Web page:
We motored most of the trip back to Ermioni and spent one night there as rain and thunder passed over us before continuing on to Poros to the north.
We had visited this town two years ago. It's one of the major yachting centres of the region and is swamped with charters and mega yachts during the season. Even in September it is very busy and we didn't care to join the afternoon fight for a place on the quay.
From about 16.00 hrs you see charter boats at full throttle through the approaches heading for the coveted place tied back to shore near the taverna and bars. We headed for the anchorage in 'Navy Bay' which we avoided before due to the greater depths you need to drop in. We anchored in 15m which means you need to put out 60m of chain even in calm weather and you need a greater space to swing in, all additional complications and you need to watch that other boats understand!
As we dropped anchor we spotted 'Lulu', the US flagged boat we know and then realised that 'Feisty' was present as well. This of course led to a chat over coffee aboard 'Feisty' and a pleasant dinner for the crews of the three boats ashore the next night. It was also helpful as we knew they were moving on the next day and we could quickly slip into their much shallower anchor spot as they left!!
Poros and the Naval Academy from our anchorage
We decided to sit out the three days of forecast strong gusts here so being in the small area near the Naval College where the depths are 3-5m was a big bonus. As it turns out the predicted 38 knot gusts never got above 27 knots so we were relatively comfortable - only stressed with shouting at idiots that insisted on anchoring on top of us!!!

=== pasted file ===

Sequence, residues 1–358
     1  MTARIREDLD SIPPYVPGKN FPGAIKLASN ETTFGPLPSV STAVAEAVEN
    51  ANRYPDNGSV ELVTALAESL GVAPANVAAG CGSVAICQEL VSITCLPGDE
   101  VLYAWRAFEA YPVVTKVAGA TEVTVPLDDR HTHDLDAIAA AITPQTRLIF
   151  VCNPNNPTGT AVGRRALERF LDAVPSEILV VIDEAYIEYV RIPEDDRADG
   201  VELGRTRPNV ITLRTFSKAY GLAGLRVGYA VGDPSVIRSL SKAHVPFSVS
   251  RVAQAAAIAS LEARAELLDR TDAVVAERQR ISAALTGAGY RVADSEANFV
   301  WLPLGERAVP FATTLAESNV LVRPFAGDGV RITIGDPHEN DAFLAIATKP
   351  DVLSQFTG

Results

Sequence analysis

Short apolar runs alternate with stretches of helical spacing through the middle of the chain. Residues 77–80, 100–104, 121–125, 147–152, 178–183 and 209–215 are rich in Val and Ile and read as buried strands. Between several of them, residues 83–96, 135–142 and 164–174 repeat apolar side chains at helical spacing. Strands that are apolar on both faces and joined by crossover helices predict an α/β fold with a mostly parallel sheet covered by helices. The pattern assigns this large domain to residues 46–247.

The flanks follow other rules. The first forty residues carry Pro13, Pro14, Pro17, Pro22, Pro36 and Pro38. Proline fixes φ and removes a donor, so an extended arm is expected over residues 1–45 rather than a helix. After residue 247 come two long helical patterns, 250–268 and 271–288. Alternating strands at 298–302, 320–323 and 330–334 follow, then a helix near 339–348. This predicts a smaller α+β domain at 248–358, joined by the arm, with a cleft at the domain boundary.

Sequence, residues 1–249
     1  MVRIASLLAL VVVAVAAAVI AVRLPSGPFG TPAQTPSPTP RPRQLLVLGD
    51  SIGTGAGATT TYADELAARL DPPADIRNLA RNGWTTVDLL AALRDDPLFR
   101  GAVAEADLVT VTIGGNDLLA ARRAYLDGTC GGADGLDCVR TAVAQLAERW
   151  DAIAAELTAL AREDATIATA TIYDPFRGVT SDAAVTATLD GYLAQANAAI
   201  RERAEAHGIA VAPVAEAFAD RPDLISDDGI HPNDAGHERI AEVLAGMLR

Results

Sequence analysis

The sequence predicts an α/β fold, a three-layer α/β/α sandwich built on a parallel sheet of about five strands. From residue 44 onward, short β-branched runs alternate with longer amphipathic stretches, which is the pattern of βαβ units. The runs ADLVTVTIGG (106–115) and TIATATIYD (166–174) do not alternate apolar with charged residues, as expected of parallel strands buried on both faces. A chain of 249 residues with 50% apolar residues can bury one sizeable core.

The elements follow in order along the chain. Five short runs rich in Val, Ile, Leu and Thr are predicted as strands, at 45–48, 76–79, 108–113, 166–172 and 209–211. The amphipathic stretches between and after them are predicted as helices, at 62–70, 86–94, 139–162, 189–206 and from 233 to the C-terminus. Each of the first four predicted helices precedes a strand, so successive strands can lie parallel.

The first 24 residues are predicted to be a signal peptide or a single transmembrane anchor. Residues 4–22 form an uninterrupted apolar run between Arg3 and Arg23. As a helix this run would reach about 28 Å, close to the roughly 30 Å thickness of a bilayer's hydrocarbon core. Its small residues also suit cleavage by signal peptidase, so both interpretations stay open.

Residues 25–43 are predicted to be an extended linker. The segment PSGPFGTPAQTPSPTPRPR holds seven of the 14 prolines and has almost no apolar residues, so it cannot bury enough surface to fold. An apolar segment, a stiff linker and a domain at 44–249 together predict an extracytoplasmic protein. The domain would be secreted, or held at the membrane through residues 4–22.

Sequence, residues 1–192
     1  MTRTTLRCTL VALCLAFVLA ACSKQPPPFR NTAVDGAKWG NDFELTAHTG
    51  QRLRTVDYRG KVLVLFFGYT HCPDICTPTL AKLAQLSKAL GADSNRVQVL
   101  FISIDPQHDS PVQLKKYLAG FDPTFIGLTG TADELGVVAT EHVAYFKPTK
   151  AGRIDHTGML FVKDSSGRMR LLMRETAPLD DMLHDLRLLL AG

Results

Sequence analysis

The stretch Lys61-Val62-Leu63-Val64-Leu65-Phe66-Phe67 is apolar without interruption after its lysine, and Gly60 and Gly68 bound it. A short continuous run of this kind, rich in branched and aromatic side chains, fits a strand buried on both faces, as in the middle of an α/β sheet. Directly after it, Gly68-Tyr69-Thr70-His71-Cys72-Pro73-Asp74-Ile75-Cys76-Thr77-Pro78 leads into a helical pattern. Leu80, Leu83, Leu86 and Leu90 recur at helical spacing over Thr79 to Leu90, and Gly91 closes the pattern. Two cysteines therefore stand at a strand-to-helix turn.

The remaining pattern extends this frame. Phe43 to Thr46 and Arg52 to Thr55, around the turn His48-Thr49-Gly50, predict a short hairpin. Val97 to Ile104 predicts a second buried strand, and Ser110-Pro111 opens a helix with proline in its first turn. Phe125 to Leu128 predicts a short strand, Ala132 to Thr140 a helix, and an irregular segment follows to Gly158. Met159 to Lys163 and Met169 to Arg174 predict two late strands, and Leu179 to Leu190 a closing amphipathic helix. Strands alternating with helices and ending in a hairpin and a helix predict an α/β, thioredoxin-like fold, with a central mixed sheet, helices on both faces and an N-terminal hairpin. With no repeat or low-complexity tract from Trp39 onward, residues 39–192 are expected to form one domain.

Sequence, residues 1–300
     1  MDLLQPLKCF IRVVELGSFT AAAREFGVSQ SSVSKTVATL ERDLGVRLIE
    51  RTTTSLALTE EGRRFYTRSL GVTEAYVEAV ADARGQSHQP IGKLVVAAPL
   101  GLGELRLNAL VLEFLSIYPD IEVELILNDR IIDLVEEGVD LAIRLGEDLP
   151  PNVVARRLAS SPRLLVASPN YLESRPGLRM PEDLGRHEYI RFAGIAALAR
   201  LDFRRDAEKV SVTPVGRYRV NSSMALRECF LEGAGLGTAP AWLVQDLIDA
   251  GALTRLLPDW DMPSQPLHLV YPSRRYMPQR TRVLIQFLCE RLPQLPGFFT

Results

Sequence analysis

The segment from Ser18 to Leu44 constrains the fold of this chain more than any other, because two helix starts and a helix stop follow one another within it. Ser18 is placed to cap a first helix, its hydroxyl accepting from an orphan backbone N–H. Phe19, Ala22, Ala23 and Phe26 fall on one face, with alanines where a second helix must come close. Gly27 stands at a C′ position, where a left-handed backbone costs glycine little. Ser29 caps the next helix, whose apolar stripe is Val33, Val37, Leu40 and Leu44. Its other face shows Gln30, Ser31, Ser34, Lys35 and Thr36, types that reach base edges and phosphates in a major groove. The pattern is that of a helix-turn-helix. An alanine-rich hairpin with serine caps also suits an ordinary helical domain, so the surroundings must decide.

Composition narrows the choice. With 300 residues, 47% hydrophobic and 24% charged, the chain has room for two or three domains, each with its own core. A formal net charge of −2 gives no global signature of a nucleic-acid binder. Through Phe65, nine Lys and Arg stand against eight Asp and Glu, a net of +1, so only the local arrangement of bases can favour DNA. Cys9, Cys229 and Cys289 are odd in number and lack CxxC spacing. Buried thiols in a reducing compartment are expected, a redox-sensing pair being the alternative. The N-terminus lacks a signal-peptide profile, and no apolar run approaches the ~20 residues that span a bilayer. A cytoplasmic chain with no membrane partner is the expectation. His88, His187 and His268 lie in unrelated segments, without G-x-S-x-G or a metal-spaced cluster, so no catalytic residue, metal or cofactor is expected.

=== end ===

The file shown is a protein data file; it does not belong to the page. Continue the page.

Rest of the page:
From about 18.00 hrs each evening the losers in the battle for the quay turn their beady eyes on the anchorage and set about forcing they way into any space they see....even if there isn't a space there!
Each night we had to speak to boats who wanted to drop anchor far too close to us even in calm conditions let alone with strong gusts coming. Our technique is something like:
Level 1 - Stand with hands on hips watching manoeuvres.........20% success as they go away (grumpy image)
Level 2 - Hi Skipper, I think that's a bit close really....................30% success approx (friendly advice)
Level 3 - Skipper, I'm really not happy with that, you're too close, I need you to move....40% further success approx (Annoyed)
Level 4 - You are too close, you are dangerous (take photos) I have your boat name and registration, my insurance company will be contacting you for any damage that is caused etc.......further 5% success ( very annoyed/assertive)
Yes, I know there is still 5% left.......unfortunately there are always a few who will not listen and we just have to monitor them and hope!! This of course makes for a less relaxed night.
Chris managed to replace the fore-deck windlass switches during a lull in the winds. He's not known for his electrical skill so the first mate was nervous, but the operation worked first time and we now have two working controls on the fore-deck. Better than shouted commands back to the helm station. Carolyn was happy to award him 'electrician of the cruise' as long as he doesn't touch anything else with wires!!
Main Photo: sunset over Navy Bay, Poros